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Tax matters

Tax filing tips to relieve the financial cost of parenthood Add to ...

Tim Cestnick is president of WaterStreet Family Offices, and author of several tax and personal finance books. tcestnick@waterstreet.ca

If there’s one thing I understand all too well, it’s the cost of having kids. Last weekend, our daughter approached my wife with a request: “ Mom, can I have $50?”

“Fifty dollars?” Carolyn replied. “What do you think I am? Made of money or something?” Evidently, “Mom” is simply an acronym for “made of money.”

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Still, my kids know that I’m more of a pushover than Carolyn when it comes to asking for money. In our home, “Dad” stands for “definitely ask daily.”

We all know it’s going to be expensive raising kids, so you might as well get as much “kid-related” tax relief as you can. When filing your tax return this year, don’t forget these credits and deductions:

Child tax credit: You’re entitled to claim a federal tax credit of $2,234 (for 2013) for each child who was under age 18 in 2013. This will save you about $335 in federal tax. Many provinces have additional amounts available that can add to the tax savings.

Fitness tax credit: You can claim up to $500 annually in fees for sports or fitness activities for your children under age 16. The program must be weekly and last at least eight weeks. If it’s a day camp, it must run for five consecutive days. You may be entitled to an additional $500 for children up to 18 with a disability.

Arts tax credit: Claim up to $500 annually in fees for eligible arts, cultural, recreational or development activities. These can include academic tutoring, language lessons, or literary, visual, or performing arts, music lessons, etc. The program must be for eight weeks or longer, or five days if a day camp.

Child care deduction: Generally, the lower-income spouse is entitled to claim a deduction for child-care costs incurred, up to $7,000 for children under seven and $4,000 for kids seven and over but under 16 in 2013. Special rules apply for children with disabilities. It’s generally possible to pay your child 18 or over to look after those under 16. It’s a great way to split income.

Adoption expenses: If you adopt a child under age 18 you can claim a tax credit for up to $11,669 of those costs (for 2013). This will save you up to $1,750 in federal taxes. For 2014, the limit for expenses will be increased to $15,000 and indexed annually thereafter.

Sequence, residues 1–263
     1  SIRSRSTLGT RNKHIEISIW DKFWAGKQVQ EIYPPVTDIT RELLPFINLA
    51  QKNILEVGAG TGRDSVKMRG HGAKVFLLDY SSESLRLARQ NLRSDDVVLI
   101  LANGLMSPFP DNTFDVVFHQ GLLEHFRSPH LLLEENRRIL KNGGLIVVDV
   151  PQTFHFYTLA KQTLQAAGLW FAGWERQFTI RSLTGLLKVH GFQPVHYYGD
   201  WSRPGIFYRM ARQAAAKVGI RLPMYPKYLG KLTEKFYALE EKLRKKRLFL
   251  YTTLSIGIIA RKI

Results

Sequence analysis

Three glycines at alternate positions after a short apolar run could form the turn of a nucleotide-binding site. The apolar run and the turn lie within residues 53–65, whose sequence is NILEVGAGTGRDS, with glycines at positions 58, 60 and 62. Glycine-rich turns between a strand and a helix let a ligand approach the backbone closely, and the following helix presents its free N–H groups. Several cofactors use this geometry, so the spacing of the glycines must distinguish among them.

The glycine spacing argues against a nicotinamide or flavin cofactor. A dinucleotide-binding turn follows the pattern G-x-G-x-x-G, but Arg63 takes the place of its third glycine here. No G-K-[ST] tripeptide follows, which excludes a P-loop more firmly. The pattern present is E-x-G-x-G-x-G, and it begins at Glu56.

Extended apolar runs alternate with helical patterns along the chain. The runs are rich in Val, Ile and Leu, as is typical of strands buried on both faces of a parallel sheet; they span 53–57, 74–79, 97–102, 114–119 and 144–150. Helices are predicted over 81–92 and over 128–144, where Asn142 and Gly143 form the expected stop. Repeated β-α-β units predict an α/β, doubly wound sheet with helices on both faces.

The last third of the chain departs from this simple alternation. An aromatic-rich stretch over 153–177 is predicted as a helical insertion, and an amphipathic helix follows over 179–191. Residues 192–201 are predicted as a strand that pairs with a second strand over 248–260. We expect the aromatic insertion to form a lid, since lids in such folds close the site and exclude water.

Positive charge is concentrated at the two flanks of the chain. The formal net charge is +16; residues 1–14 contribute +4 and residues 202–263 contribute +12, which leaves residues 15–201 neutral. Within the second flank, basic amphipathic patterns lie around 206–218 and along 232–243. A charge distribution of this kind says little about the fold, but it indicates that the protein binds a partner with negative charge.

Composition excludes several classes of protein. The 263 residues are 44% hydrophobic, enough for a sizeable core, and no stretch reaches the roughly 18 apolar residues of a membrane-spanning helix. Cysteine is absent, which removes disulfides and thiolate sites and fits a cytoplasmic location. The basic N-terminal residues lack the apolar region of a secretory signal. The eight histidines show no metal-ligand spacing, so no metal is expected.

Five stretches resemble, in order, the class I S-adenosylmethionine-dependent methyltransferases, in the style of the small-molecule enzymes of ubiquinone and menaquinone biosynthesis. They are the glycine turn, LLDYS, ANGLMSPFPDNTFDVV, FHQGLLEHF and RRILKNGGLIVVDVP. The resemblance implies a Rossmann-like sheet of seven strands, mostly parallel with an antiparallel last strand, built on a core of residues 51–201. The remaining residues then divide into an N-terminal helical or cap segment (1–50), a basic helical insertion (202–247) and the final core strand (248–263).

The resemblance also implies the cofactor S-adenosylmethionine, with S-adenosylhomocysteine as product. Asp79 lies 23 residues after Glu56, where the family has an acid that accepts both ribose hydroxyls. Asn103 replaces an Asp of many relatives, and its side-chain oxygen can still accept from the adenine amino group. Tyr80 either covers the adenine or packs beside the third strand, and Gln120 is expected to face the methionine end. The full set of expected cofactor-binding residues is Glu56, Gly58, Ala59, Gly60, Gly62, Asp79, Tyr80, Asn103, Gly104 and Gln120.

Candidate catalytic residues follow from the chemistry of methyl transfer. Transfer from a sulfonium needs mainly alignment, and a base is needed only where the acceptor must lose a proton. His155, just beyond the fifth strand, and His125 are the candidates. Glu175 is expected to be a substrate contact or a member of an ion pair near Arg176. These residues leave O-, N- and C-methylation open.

Universal child care benefit: Every family is entitled to receive $100 each month for each child under age six. This is true regardless of your income. The payments are taxable. Apply online at http://www.cra-arc.gc.ca/bnfts/uccb-puge/menu-eng.html.

Canada child tax benefit: You may be entitled to the CCTB, which is a monthly tax-free payment for each child under age 18. The amount of the benefit depends on your family income, province of residence and number of kids. The rate is adjusted on July 1 each year. If you file your tax return late your benefits might be delayed since the benefit is based on your reported income. Low-income families may be entitled to a national child benefit supplement, and if your child has a disability you may be eligible for the Canada disability benefit as well. To figure out your total benefits, check out the online calculator at http://www.cra-arc.gc.ca/bnfts/clcltr/menu-eng.html.

Tuition, education and textbook credits: If your child is enrolled full- or part-time in a qualifying postsecondary program, he or she can claim a credit for their tuition fees. In addition, full-time students can claim $400 per month of enrolment, plus $65 per month for textbooks. Part-time students can claim, in addition to tuition, $120 each month of enrolment and $20 per month for textbooks. Any credits that your child is unable to claim (due to insufficient income) can be transferred to a parent, grandparent, spouse or common-law partner up to a maximum of $5,000. Or, your child can carry those amounts forward to use in a future year.

Student loan interest: If your child has a qualifying student loan he/she may be able to claim a credit for the interest paid on that loan in 2013. Unused credits can be carried forward by your child and claimed in the next five years.

Transit pass costs: The cost of transit passes for your children age 19 or under in 2013 can be claimed by either parent (including common-law partners). The usual conditions for claiming transit passes apply here.

Moving expenses: If your child moved to attend postsecondary school, he or she may be able to claim moving expenses. The usual conditions for moving expenses will apply.

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